… and maybe now living on more than a prayer! Why use a visit from Stratford to quote Shakespeare, when a line from Jon Bon Jovi sums it up perfectly! We ran out 3-1 winners on Monday against Stratford A, to complete the second leg of our four leg challenge. Namely, to beat Solihull, Stratford, Shirley and Leamington to claim the Division 2 title. Given the subsequent Division 1 debacle against Banbury, this is now our only shot at League Silverware – albeit we also have a Cup Final to look forward to.
The game was far from a dead rubber for Stratford, as they started the evening second from bottom, with Leamington closing in on them, and this was their last game of the season. Hence it was no great surprise to find we were facing a strong team. Richard McNally, Colin Searle making a welcome return, Richard Dobedoe and Steve Henderson showed up, meaning the average grade difference was insignificant and we were outgraded on 1 and 2.
However, in practice it was one of those nights when it always looked like we were going to win. Regular readers will be shocked to hear that Mike finished first against Colin Searle, with a draw. But actually, that doesn’t do justice to what was a good game. Moreover, Colin’s speed meant they played a lot of moves. Mike said. “Black’s play may have overturned a view of the opening repeated in all books that the line [of the Dutch Stonewall that was followed] is good for White based on the classic game Petrosian-Korchnoi Leningrad 1953 (which both players knew.) Instead of Q-e7, Colin played what turned out to be an often used pet line featuring an early Rf6-h6. The repeated threat to penetrate along the h-file in several complex ways, and despite White getting an ideal Nd4 v B-d7/ pawns c6 and e6 set up, hindered White’s queens-side break with b5. Of the 11 opportunities to play this move only one was winning even though this opened the a-file against my King. Missing this by attempting to exchange queens meant when b5 was threatened, and even when White plays Kh2-a6 the Stonewall held and there was no way through hence a draw was agreed. Disappointed to miss yet another win but Colin thought the game was a very good one.”
Dave was next to finish on Four. His position was magnificent out of the opening and whilst Steve did well to hang in there for a long time, it looked pretty brutal to me. Dave said – “Playing White my opponent chose the Alekine’s defence. I think that his choice of opening may have been influenced by the fact that we had already played four times in the last two years and he wanted to play something different. Unfortunately, his choice of move order allowed me to wind a pawn and forced him to sacrifice a second to allow him to castle into safety. After this the game settled down but black was unable to avoid me exchanging off pieces to get into a double rook and opposite coloured bishop ending. I succeeded in getting my rooks onto the a file and won a third pawn and then doubled my rook on the seventh rank leaving black with a very passive position. With three additional pawns the game essentially played itself and I won in 55 moves.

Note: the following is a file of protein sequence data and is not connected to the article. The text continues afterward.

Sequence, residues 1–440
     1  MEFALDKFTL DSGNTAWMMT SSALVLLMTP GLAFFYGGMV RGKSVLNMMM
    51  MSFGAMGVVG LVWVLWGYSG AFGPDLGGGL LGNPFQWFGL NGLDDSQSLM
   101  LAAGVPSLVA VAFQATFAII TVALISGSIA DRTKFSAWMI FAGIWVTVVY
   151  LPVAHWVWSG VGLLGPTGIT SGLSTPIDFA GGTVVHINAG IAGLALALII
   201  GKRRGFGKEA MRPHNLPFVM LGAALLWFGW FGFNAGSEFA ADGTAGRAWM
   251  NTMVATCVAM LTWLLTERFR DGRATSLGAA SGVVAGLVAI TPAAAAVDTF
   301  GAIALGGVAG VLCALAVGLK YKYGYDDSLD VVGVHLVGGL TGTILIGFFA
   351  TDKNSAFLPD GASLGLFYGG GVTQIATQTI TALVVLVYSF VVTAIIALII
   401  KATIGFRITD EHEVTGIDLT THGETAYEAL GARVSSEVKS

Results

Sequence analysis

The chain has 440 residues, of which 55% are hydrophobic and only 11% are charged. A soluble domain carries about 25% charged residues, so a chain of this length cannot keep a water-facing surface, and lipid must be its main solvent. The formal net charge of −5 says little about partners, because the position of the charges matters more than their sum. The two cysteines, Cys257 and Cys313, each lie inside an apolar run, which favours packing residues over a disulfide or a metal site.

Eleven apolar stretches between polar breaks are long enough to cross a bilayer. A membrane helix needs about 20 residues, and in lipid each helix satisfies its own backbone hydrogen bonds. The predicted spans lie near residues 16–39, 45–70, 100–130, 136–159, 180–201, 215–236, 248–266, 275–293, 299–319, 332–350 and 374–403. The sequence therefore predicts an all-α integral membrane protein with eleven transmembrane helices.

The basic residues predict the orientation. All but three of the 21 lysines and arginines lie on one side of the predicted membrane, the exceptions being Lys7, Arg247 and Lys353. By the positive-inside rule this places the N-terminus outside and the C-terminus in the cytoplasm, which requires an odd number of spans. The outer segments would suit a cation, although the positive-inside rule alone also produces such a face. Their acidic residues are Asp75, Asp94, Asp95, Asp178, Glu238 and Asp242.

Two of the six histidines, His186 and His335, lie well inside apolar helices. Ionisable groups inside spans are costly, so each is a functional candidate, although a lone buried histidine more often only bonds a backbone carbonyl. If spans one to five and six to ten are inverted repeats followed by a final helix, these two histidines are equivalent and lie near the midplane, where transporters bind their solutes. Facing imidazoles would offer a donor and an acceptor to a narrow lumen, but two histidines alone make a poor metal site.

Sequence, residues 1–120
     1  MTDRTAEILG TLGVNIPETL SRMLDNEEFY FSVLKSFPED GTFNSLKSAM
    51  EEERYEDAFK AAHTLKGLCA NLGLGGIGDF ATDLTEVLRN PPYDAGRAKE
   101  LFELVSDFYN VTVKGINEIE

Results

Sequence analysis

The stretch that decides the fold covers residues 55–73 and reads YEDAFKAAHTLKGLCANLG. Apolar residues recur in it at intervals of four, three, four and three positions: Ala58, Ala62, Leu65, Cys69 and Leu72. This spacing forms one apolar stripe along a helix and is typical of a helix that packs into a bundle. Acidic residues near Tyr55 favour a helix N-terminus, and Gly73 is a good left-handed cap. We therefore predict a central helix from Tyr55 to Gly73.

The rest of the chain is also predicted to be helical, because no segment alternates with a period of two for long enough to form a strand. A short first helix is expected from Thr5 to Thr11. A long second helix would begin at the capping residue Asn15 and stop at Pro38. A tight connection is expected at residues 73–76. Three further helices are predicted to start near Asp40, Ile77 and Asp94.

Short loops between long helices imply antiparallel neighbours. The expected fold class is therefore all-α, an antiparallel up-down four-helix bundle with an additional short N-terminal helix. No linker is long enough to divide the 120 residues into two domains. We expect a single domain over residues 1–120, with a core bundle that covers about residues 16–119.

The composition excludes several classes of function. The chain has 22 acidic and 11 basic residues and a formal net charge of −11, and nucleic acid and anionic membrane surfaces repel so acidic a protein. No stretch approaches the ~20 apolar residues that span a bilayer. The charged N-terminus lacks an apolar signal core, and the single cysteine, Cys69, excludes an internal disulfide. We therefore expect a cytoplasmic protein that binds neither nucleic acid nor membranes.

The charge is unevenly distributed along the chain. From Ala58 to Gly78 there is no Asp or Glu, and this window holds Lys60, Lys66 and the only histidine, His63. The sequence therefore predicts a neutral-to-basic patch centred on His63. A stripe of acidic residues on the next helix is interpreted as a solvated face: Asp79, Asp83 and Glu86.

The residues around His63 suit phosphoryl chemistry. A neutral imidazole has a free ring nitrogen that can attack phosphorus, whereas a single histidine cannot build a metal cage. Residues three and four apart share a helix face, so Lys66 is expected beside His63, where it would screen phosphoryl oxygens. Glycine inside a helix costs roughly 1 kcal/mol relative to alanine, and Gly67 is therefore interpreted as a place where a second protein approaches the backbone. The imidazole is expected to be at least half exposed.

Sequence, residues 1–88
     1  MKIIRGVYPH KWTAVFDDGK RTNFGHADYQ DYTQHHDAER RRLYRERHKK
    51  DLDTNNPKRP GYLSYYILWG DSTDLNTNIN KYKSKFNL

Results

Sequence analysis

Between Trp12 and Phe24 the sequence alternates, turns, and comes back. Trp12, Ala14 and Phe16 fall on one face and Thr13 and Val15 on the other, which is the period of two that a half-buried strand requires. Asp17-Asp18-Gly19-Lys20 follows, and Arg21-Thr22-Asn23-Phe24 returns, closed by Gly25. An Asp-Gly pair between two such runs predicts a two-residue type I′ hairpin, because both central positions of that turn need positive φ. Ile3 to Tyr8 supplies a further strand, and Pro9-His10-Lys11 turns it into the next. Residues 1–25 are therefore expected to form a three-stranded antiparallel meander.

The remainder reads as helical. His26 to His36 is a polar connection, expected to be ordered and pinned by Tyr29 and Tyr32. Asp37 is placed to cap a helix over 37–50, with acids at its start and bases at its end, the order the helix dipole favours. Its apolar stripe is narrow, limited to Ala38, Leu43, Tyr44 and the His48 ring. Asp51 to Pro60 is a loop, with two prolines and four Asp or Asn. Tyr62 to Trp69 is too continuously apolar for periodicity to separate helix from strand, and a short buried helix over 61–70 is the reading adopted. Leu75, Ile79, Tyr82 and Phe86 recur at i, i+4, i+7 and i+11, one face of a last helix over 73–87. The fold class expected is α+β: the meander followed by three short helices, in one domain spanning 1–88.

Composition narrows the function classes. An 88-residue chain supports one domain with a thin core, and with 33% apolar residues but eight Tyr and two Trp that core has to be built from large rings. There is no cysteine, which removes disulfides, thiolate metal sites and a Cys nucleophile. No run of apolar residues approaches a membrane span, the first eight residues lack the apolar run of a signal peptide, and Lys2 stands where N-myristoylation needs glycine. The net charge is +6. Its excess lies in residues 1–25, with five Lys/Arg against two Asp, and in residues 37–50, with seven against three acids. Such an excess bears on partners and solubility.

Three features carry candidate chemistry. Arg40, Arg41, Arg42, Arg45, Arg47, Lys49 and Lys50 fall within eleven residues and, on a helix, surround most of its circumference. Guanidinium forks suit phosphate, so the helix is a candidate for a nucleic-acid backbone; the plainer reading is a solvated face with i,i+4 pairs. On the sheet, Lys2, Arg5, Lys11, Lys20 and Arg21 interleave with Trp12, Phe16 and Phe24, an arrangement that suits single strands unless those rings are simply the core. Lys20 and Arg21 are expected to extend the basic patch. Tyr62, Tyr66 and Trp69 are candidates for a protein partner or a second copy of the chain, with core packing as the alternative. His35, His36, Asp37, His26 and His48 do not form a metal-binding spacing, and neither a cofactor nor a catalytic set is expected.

I didn’t see much of Phil’s game – but it looked like another ruthless demolition job. Phil is on fire at the moment!
I was the last to finish on Board 1, with the points already in the bag for the team, after a long struggle with Richard McNally. For a long time, I’d been looking at the fact that Dave and Phil were heading for wins with some relief as my position was terrible. Richard clearly knew the opening better than I did, and I was left with my King hopelessly trapped in the middle of the Board with Richard’s Rooks and minor pieces looking poised for the kill. I found a few “only moves,” to hang in there. Richard then seemed to miss a great shot, which I think would have been overwhelming for him and the game turned. He snatched at a pawn and I ended up trapping a piece. After a forced set of moves he had three pawns for the piece and we were in an ending with Rook, Knight and 3 pawns (me) vs Rook and 6 pawns him. Suddenly, I was the one going for the win. I positioned the Knight and King extremely well and was making a lot of progress – even picking up a pawn on the way. I’m pretty certain I missed a win of my own and Richard was able to construct a fortress. I couldn’t keep enough pawns on the board, and as he forced those off, my winning chances receded. It was impossible for me to make progress with the Rooks on and with the Rooks off, I thought I would be probably losing. I’m sure a computer would have put me ahead at the end, but we’d won the match and given how delighted I would have been with the draw earlier in the evening, it still felt like a reasonable effort.
So 3-1. Next up Shirley!